I was not at Science Online last week. I went in 2007 and in 2009 and I keep meaning to go back, but every year something comes up. It’s ironic that work is preventing me from hanging out with the community that got me into the work I do in the first place, but most of all it’s frustrating to not be where the action is. These are my people! Why was I not there?
Luckily, this year there was an opportunity to join in from a distance via locally organised Watch Parties, where people could get together to watch some of the sessions. Since nobody was organising one in the UK yet, I stepped forward, with Erika Cule, to organise one in London.
We managed to book a great space, the Imperial College Union Cinema, where we could project the talks on a cinema screen, and drag around chairs wherever we wanted to sit.
Can you guess which of these people is not on Twitter?
We planned the event so that it happened while the Science Online conference was going on, and we could watch one of the talks live. Not only that, but we also managed to arrange a Skype call with some of the people at the conference. That was fun, and made it feel like we were really a part of it. Big thanks to Laura Wheeler and Lou Woodley for coordinating the North Carolina side of things.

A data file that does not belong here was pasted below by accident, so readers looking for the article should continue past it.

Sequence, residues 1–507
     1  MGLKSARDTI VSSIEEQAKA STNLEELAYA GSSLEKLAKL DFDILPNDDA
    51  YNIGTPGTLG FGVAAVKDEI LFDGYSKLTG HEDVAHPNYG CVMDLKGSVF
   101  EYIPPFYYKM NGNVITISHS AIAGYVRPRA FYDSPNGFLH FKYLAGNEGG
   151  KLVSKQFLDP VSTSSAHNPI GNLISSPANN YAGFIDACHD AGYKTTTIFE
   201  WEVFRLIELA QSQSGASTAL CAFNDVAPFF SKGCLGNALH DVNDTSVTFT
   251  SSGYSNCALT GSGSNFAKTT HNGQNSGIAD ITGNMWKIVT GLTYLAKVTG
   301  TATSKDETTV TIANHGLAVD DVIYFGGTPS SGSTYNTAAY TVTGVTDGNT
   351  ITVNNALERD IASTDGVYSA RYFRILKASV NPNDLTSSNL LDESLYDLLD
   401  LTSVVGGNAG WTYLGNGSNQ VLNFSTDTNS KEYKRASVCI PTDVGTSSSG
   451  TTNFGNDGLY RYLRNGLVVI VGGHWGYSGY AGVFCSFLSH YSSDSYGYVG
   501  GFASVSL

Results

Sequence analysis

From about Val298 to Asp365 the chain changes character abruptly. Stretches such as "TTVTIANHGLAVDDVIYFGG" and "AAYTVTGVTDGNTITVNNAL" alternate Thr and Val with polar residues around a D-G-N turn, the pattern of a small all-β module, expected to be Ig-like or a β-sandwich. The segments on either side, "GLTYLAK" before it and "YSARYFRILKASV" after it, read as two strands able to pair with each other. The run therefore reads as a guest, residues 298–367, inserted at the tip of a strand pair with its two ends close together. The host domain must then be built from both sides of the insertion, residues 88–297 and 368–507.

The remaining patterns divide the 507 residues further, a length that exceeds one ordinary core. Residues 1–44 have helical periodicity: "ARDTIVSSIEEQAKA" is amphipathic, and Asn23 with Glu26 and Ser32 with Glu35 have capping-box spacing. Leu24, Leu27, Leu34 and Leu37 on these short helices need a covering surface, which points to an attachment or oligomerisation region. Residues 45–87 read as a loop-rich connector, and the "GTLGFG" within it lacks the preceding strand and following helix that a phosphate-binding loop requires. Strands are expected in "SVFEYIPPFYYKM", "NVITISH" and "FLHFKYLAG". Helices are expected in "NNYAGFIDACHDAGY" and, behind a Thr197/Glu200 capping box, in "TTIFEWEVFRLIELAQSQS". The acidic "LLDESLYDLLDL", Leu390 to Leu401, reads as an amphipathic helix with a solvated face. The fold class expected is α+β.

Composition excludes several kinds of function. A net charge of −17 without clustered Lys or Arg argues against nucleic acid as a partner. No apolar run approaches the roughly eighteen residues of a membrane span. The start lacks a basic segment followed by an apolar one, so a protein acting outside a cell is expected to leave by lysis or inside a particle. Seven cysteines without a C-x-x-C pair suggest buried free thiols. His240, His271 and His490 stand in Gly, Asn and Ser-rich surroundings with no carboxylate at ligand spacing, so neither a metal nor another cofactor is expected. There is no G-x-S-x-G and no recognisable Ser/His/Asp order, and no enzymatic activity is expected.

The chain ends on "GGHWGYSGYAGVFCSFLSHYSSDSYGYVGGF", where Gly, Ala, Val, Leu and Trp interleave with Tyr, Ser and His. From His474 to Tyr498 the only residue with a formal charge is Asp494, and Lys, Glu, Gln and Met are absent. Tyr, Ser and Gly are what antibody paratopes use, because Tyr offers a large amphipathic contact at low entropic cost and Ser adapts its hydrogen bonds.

The conference side of the Skype call. Look how organised they are!
The London side of the call. Chaos.
We let people vote which of the recorded talks they wanted to see, and the session about narrative in science writing won. Even the non-writers found this interesting, because everyone is a reader, and it’s fun to learn the tricks writers use to grab your attention.
We watched “Life in the Venn” live, and laughed along with everyone on Twitter (from within the conference and beyond) about the hat analogies. SO MANY HATS. Hats hats hats. Hats. We had a discussion afterwards in which it was clear that most of the attendees at the London Watch Party were also wearing multiple metaphorical hats: blogger and researcher, Twitterer and policy professional, writer and blogger, someone’s student and own independent communicator, and many other combinations.
The last talk we watched was about dealing with cynics and trolls, but by this point half of the attendees had had to leave to catch a train or bus home.
It had been a pretty long day for some of us, because a small group started at the Science Museum in the early afternoon, to see the Turing exhibit. You can see some of that in the video below, but I’ll tell you ALL about the zombies and Turing on Tuesday, in my Science Tourist post.